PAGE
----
RIYADH (Reuters) – Saudi Arabia’s plan to name investors with strategic stakes in listed firms will help curb speculation but falls short of the corporate governance overhaul badly needed by the kingdom to attract institutional investors.
Tadawul, the Saudi stock exchange, announced plans last week to publish the names of investors with stakes of 5 percent or more in the 124 listed firms on a daily basis from August 16.
While the measure moves Saudi Arabia closer to the transparency standards of Western markets, it sent Saudi shares sharply lower. Some speculative funds left the market as investors feared their holdings may become public information.
“The regulatory environment is still poor,” said Abdulhamid al-Amri, a member of the Saudi Economic Association think tank.
Experts say Saudi Arabia’s struggling investment framework, where many corporate governance guidelines for listed firms remain voluntary, has loopholes that enable those determined to operate out of sight to continue to do so.
The country boasts the largest equity market in the Arab world but it remains mostly closed to foreign investors.
It has encouraged a culture of retail-investor speculation that has left serious, long-term investors sidelined for lack of information or confidence.
The Saudi exchange is struggling to shed an opaque image and has been tainted by allegations of insider trading and manipulation. Stock prices react more to rumors than to the performance of listed firms.
These practices have been widely blamed for contributing to a crash in 2006 that hurt hundreds of thousands of Saudis many of whom blamed the government for not protecting them from the clout of big players.
The exchange has never managed to recover its poise from the crash. It has lost about 60 percent of its value since 2006 and is the worst performer in the Gulf Arab region this year.
Walid Bin Ghaith, chief executive of The Investor for Securities brokerage and asset management firm, praised Tadawul’s efforts but said more needed to be done.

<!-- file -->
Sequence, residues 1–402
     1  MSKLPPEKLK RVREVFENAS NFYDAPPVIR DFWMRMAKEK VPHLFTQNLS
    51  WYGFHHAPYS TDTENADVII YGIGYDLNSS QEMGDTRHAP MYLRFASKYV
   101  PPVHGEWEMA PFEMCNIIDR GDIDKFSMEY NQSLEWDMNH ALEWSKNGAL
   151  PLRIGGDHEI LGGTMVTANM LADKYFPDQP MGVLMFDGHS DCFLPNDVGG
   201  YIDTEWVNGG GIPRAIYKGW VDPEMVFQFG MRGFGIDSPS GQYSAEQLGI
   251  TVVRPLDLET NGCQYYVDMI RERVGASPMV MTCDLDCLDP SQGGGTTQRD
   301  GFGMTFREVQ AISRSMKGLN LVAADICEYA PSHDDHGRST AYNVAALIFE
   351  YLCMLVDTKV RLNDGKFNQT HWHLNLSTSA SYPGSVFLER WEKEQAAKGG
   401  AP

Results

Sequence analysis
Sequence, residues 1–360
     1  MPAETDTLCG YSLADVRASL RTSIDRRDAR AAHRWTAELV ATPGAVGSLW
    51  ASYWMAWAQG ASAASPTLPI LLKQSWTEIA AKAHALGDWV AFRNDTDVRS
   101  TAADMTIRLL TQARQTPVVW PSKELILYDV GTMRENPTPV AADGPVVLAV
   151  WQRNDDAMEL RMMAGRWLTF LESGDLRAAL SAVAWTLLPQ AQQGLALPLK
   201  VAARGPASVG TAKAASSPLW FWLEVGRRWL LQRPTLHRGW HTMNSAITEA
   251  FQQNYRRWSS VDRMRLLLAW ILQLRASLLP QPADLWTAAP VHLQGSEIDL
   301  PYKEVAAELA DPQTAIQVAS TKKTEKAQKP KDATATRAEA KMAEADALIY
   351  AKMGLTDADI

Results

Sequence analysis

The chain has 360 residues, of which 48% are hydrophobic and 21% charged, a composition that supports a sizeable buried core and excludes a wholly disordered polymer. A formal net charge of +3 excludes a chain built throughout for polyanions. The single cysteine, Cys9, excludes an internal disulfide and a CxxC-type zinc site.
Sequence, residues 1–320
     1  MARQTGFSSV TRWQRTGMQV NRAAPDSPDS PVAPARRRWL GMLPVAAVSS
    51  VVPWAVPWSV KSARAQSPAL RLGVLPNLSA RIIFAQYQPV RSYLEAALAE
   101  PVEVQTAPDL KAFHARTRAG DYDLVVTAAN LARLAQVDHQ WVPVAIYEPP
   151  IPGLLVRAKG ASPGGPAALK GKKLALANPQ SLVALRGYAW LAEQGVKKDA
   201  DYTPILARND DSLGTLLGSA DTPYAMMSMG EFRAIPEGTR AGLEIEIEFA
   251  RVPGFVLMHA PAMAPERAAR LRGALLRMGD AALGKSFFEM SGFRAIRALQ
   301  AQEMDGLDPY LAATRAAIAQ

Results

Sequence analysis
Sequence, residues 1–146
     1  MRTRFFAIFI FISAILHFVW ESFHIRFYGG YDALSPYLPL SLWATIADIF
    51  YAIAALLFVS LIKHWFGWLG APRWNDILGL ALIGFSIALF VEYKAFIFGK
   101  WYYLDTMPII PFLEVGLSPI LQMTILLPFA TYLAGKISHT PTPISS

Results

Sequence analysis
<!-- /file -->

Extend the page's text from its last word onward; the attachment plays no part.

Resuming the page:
“It’s a very important step … But it will not deter fraudsters. It will make their job harder,” he said.
A key loophole in the measure is that any Saudi investor can manage several dummy investment accounts under the names of relatives or companies.
There are no official figures on the size of such dummy accounts, but Bin Ghaith described it as significant.
Amri estimates the value of dummy accounts at 40 percent of the total value of the market, the same relationship as that of the grey economy in the kingdom to official measures of gross domestic product.
“It is significant … Tadawul’s measure will not be complete without tighter controls on the ownership of investment portfolios,” Amri said.
Saudi Arabia, an absolute monarchy that is also the world’s largest oil exporter, has sought to make the stock exchange a platform for wealth distribution through a raft of initial public offerings, often at discounted prices.
But the combination of poor regulations and the herd mentality that prevails among a majority of the 3-4 million retail investors have turned the market into a popular casino for quick profit.
“We need to build a market where investors rely on company earnings, not on income from speculation,” columnist Abdul-Hafid Mahbbob wrote on the Monday edition of al-Eqtisadiah newspaper.
Major speculators in the country of millionaires and billionaires, who have both cash and privileged access to strategic information, are often accused by Saudi media of exploiting small investors to steer the market in their own interests.
Efforts by the Capital Market Authority (CMA) watchdog to clean up the market after the 2006 crash, such as licensing independent brokerage firms and introducing a state of the art trading system, have failed to change this perception.
A CMA spokesman declined to comment.
Typifying the problem, rumors of the new Tadawul regulation circulated in the market for at least a month before it was announced, according to both Amri and Turki Fadak, head of the Arab Financial Consultancy Centre.
Institutional investors from rich Gulf Arab neighbors have also stayed on the sidelines despite a Saudi government decision last year allowing them to invest in the Saudi market, which has one of the lowest valuation ratios in the region.
Tadawul data showed Saudi-based retail investors accounted for 98 percent of July transactions. The remainder were by Saudi-based institutions and both retail and institutional investors from the Gulf Arab countries, which are the only foreigners allowed to trade in the Saudi bourse.